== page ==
Guns, Race, Abortion: Jennifer Haigh’s New Novel Humanizes Hot-Button Topics

Has Jennifer Haigh’s moment arrived? For years Haigh has been peering deep into the heart of lost America, sketching characters whose interests are at cross-purposes but whose deep-seated deprivation binds them together. She’s been a superb unsung novelist hovering just under the radar. And her 2016 “Heat and Light,” torpedoed by its nominal subject and unsexy title, was a small-town epic on the order of Richard Russo’s “Empire Falls.”

“Heat and Light” brought the hot-button issue of fracking to Bakerton, Pa., the fictitious coal town whose every boom and catastrophe Haigh has chronicled. (She comes from somewhere like it.) Her new book, “Mercy Street,” takes on much more fiery issues. Abortion, guns, vigilantism, drug dealing, white supremacy, bitter misogyny and online fetishism all figure in the tableau Haigh expertly details. If this can’t command attention, what can?

It’s a real question, since Haigh’s style is so unflashy. All she does is write straightforwardly about people she seems to know inside out. They’re the kinds of people who don’t often get close attention. Her books might feel traditional if she relied on simple structure, but she likes Altmanesque ways of weaving characters together. In her case, there’s nothing woozy to it. When some of these people collide, the eureka moments feel like car crashes.

Using a title taken from an Anne Sexton poem, she begins “Mercy Street” with Claudia, who’s 43, lives in Boston and has a high-stress job. Claudia isn’t really an urban type. She was born in Maine to a 17-year-old who probably didn’t want her. The junk caught in their trailer’s shag carpeting lives on in her brain. “She can still remember the first time she heard the term white trash. She was 9 or 10 years old, watching a stand-up comic on television, and she understood immediately that he was talking about people like her.”

Jennifer Haigh, whose new novel is “Mercy Street.”Credit…Joanna Eldredge Morrissey

“Mercy Street” opens on Ash Wednesday, 2015. Claudia is at work, fielding phone calls from pregnant women at a health clinic off Boston Common, knowing every call is a window into someone’s life. Outside, high protest season has just begun and will last through Lent. Most of the protesters are men. One will loom large in Haigh’s narrative, but not in any way you might expect.

Claudia has lived many lives before this. Her past seeps into the book partly by way of her reactions to callers and visitors. She’s repelled by privileged types who can afford to erase unwanted pregnancies from their bodies, their career prospects and their memories. Likewise, the addicts too wasted to care about near-viable fetuses also bring out her disgust. Women motivated by fear — a mother of four who thinks her ex might kill her — unleash her compassion. And she hates hearing the constant litany of “It was my fault.”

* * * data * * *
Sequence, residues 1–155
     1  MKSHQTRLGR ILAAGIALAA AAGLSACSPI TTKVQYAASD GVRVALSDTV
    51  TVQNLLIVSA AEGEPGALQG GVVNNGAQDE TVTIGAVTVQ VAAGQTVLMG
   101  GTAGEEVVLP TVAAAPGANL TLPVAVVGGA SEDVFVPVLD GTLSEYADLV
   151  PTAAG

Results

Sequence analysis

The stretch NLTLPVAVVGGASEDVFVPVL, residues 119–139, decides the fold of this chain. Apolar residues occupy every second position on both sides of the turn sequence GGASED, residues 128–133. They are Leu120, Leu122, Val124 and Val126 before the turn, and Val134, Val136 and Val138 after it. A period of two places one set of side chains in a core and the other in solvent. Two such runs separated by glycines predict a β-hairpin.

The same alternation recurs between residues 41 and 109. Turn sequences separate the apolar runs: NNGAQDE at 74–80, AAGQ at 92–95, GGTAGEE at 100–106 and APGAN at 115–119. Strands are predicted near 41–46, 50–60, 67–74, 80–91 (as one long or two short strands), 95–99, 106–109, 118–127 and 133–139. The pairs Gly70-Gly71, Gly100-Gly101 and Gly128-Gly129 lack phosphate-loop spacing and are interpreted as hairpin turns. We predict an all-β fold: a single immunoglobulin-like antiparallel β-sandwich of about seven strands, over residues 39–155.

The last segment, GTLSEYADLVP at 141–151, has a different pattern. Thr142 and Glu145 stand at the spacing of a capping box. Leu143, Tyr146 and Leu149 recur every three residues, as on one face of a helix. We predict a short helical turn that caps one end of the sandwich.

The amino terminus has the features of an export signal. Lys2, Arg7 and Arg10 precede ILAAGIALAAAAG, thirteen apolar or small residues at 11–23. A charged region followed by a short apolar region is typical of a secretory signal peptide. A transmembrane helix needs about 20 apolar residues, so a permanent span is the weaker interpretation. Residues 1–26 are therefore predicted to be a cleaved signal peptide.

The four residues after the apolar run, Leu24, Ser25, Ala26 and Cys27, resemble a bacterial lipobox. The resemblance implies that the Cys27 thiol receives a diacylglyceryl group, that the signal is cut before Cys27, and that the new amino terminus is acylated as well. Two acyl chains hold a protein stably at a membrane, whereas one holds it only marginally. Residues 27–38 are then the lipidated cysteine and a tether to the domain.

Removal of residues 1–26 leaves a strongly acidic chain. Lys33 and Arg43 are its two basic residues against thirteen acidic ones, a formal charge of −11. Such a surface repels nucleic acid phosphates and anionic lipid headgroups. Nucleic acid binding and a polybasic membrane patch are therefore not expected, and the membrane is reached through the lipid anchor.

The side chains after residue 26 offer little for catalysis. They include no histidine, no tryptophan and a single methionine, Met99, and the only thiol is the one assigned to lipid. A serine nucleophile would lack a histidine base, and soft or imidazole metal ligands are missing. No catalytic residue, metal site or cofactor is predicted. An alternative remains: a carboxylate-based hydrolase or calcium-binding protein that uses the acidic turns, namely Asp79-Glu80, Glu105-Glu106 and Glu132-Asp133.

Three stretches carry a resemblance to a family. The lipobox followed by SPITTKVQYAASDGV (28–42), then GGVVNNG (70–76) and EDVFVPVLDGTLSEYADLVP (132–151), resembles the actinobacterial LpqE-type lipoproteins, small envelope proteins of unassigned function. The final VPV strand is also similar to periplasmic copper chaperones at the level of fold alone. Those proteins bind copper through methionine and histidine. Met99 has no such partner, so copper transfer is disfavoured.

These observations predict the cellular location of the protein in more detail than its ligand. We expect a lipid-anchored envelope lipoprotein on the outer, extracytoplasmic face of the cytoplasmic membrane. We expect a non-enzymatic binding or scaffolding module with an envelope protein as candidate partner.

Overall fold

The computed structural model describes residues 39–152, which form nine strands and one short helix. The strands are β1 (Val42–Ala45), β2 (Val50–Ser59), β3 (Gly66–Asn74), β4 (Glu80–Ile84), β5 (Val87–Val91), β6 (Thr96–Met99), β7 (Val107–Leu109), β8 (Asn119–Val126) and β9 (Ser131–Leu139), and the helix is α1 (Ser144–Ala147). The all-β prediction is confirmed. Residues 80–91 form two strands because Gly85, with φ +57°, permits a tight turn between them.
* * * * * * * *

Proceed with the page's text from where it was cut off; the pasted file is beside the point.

After hours, Haigh steers Claudia to a weed dealer named Timmy. In a book that’s by no means solemn and is full of quirks, the ever-stoned Timmy and his big plans and bigger TV screen serve as comic relief. Timmy doesn’t understand golf but watches it for its soothing tones: “the rolling green lawns, the announcers speaking in hushed voices as though a baby were sleeping.” Claudia likes lighting up with Timmy and just talking. She’s plastered layers of gentrification over her trailer upbringing with a mother who nudged her aside for countless foster kids. Timmy’s run-down place, where he meets a parade of buyers and broods about the imminent legalization of marijuana, feels somehow like home.

Claudia, Timmy and all of the book’s other players — including, inevitably, a couple of characters who hail from Bakerton — have one thing in common: They weren’t wanted. They were resented from birth. There are two “sisters” and two “brothers” who aren’t blood relatives but were raised grudgingly in the same households — and both pairs are fixated on women and what they represent, whether that’s sex or reproduction. These people come from wildly different ends of the political spectrum, but they were all damaged early in similar ways. Claudia was smarter than most, but when she was targeted at 13 by her mother’s older boyfriend, she didn’t know what he wanted. To marry her, or adopt her?

Haigh does as well with the book’s embittered male figures as she does with a woman whose beliefs she likely shares. (Haigh has worked in a clinic like Mercy Street.) They could easily be caricatures, but she tries to plumb their anger. Via a veteran and ex-trucker, she illustrates the way a bitter brew of abandonment, isolation, talk radio, racism, resentment and the internet can create hatred so intense it’s a murder waiting to happen. A hunter who knows so few women that he thinks of them clinically, as “females,” can target anything.

There are frissons of terror as the angry forces in “Mercy Street” become galvanized. (In a flashback, young Timothy McVeigh even has a cameo.) But as Haigh’s title suggests, she’s largely not interested in destruction here: These people have seen enough of it already. She’s interested in what makes them human.

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